The Macedon Public Library is fully open for in-person visits. Computers are available and the Discovery Room is also open. Masks are strongly encouraged for all patrons, even if you have been vaccinated. We will continue to offer “Grab and Go” services for those who prefer to place their books on hold online and then pick them up in the cabinet outside the library.
Here are a few of the new books that have come in to the library recently. We invite you to check them out!
You Can Run
Nothing gets by Jill Bailey. As a CIA analyst, she’s in charge of investigating and vetting new sources like FALCON. He says he’s a Syrian defense official attached to a covert biowarfare program — and with a global pandemic fresh in their minds, CIA officials are desperate to use him. It’s Jill’s job to make sure he is who he claims to be, and that his case officers in the field haven’t been duped — or coerced. But before she can get to work, she gets a call: We have your son. Alex Charles, a journalist eager to break the next big story, begins to investigate an anonymous tip: an explosive claim about the CIA’s hottest new source. The tip — and a fierce determination to find the truth — leads Alex to Jill. As the two begin to work together, they uncover a vast conspiracy that will force them to confront their loyalties to family and country.
What the Cat Dragged In
Librarian Charlie Harris and his faithful feline companion, Diesel, have inherited Charlie’s grandfather’s house, along with a deadly legacy: a decades-old crime scene. As he and Diesel check out the house he remembers fondly from his childhood, he is pleasantly surprised that it is in better condition than expected. That is, until they find a literal skeleton in a closet. While the sheriff’s department investigates the mysterious remains, Charlie digs deeper into the past for clues to the identity of the bones and why they are there. As Charlie delves into his own family history, he encounters many people who might have been motivated to take a life. But Charlie and Diesel know that things are not always what they seem, and that secrets seemingly lost to time have a way of finding their way back to haunt the present.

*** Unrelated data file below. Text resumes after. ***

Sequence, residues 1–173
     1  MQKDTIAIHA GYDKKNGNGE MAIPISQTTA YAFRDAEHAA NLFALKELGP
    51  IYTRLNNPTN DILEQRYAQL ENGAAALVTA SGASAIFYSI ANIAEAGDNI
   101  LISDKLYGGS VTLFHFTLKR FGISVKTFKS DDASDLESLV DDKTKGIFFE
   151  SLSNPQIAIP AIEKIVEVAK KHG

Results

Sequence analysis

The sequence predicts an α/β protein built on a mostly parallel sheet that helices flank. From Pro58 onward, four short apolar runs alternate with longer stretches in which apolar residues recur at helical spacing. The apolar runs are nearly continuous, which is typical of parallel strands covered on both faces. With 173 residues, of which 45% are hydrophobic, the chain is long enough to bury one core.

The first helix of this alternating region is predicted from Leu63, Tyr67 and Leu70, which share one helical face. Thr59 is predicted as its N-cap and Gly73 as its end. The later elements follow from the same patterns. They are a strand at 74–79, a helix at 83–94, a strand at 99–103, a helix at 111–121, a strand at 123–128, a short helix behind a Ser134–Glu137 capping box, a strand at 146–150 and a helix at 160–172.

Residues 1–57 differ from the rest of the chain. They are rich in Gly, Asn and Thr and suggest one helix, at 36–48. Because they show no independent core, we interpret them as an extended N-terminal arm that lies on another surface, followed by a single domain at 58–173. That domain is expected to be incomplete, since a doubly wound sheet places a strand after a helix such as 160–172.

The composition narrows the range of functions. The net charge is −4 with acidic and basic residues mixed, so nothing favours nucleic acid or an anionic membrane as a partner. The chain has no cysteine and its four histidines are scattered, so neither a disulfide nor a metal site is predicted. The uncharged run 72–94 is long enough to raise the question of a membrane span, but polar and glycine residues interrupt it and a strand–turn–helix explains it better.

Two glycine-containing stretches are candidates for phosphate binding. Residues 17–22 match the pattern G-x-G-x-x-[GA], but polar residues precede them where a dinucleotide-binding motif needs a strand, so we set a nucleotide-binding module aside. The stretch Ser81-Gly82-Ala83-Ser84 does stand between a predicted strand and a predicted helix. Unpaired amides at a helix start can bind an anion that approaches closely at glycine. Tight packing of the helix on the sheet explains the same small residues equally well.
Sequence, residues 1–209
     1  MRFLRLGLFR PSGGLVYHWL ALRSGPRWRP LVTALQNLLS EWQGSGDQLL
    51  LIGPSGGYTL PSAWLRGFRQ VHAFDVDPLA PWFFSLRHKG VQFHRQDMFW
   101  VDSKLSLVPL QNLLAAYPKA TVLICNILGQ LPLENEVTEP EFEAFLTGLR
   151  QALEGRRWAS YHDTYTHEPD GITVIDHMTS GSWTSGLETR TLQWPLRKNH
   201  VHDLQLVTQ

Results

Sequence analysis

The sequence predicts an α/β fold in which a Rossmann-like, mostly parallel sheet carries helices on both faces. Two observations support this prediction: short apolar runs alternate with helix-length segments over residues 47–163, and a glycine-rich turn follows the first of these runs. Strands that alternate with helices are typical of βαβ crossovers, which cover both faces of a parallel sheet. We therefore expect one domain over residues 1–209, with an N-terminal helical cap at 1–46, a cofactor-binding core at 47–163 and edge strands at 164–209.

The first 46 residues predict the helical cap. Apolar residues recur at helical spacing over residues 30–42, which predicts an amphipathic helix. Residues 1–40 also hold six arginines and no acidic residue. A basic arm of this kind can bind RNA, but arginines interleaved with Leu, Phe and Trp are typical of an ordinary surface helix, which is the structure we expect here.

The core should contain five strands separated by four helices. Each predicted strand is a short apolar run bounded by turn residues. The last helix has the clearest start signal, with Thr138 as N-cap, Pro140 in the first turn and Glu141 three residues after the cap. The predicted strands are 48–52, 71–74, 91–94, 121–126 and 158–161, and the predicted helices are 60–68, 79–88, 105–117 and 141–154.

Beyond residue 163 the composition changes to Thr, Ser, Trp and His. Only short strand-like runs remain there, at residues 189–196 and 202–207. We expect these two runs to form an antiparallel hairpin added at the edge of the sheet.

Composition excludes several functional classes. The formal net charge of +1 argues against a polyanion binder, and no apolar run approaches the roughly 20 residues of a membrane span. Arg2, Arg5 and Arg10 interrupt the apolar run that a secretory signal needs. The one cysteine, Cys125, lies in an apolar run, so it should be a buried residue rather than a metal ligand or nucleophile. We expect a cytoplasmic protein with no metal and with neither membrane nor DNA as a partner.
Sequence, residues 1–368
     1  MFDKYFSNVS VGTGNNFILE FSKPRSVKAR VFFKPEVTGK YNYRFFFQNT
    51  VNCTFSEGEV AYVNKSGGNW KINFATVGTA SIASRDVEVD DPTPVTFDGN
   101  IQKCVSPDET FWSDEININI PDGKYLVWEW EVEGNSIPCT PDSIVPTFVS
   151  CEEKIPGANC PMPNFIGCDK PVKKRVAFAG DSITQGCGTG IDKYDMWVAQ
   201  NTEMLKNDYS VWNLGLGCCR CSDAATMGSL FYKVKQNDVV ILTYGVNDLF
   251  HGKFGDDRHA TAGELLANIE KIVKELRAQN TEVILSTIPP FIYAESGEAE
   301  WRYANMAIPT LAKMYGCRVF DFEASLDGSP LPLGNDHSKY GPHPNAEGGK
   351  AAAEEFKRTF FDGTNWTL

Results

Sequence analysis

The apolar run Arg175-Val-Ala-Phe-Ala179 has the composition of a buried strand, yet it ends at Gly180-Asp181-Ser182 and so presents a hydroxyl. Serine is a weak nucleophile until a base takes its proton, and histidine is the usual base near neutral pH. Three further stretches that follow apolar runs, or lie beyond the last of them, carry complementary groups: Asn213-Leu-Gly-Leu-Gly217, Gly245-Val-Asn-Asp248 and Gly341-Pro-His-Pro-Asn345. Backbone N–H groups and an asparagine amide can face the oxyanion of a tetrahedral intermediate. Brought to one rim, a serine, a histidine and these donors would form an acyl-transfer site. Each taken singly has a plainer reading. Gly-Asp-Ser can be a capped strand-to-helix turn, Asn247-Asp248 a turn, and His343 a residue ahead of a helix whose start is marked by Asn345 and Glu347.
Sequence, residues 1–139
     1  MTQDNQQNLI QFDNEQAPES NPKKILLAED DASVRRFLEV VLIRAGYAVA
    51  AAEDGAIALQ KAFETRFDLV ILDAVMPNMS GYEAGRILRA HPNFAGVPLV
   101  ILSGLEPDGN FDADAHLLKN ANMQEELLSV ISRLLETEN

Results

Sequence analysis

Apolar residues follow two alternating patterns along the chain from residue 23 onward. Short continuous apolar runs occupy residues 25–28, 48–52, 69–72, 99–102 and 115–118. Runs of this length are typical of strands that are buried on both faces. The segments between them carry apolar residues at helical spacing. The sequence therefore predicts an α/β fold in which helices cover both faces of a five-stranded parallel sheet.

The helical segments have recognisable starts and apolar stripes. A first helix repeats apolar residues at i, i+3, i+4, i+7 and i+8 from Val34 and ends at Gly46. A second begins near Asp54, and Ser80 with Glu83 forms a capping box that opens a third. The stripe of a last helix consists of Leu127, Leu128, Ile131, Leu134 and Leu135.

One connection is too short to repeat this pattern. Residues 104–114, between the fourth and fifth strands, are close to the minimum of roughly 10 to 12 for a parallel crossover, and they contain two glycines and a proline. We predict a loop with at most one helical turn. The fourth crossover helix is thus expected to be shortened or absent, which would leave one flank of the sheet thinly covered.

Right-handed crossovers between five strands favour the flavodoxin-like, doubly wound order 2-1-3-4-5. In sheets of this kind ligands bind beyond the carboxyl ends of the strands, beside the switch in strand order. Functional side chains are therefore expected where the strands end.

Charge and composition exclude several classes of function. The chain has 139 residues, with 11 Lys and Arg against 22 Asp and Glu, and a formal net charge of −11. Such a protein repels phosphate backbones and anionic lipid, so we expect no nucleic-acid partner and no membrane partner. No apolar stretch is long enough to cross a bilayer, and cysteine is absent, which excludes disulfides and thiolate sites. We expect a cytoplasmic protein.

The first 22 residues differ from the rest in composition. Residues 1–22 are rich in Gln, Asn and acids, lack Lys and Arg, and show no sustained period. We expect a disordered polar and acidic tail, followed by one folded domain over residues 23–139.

The Love Songs of W.E.B. Du Bois
The great scholar, W. E. B. Du Bois, once wrote about the problem of race in America, and what he called “Double Consciousness,” a sensitivity that every African American possesses in order to survive. Since childhood, Ailey Pearl Garfield has understood Du Bois’s words all too well. Bearing the names of two formidable Black Americans — the revered choreographer Alvin Ailey and her great grandmother Pearl, the descendant of enslaved Georgians and tenant farmers — Ailey carries Du Bois’s problem on her shoulders. To come to terms with her own identity, Ailey embarks on a journey through her family’s past, uncovering the shocking tales of generations of ancestors — Indigenous, Black, and white — in the deep South. In doing so Ailey must learn to embrace her full heritage, a legacy of oppression and resistance, bondage and independence, cruelty and resilience that is the story — and the song — of America itself.